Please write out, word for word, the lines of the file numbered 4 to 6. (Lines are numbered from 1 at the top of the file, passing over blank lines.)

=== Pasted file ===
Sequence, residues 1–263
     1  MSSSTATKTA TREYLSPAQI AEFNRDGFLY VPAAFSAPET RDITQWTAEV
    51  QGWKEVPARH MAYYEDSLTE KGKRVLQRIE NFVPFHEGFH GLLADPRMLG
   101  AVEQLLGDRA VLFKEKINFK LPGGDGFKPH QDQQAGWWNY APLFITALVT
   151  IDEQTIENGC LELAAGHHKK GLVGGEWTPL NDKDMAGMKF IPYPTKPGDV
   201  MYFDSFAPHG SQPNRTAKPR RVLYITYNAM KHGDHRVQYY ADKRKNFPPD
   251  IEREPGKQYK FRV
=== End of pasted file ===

   101  AVEQLLGDRA VLFKEKINFK LPGGDGFKPH QDQQAGWWNY APLFITALVT
   151  IDEQTIENGC LELAAGHHKK GLVGGEWTPL NDKDMAGMKF IPYPTKPGDV
   201  MYFDSFAPHG SQPNRTAKPR RVLYITYNAM KHGDHRVQYY ADKRKNFPPD